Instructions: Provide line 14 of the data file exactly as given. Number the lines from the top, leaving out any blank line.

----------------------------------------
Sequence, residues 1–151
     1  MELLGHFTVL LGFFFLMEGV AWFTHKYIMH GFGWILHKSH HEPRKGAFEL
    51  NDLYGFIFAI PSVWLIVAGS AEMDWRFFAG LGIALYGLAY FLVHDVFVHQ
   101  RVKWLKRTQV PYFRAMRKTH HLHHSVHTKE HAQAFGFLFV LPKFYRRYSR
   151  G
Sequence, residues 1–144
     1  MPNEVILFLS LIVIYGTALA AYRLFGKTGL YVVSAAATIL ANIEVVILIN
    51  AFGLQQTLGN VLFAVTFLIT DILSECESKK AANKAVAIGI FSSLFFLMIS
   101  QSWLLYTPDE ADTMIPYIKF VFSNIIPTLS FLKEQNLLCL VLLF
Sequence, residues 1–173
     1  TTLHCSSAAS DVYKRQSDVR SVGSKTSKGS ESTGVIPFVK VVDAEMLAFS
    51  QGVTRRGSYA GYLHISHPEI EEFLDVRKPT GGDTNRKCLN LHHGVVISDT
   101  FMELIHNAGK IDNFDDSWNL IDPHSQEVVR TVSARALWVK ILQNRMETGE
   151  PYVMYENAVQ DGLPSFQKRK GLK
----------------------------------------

   151  PYVMYENAVQ DGLPSFQKRK GLK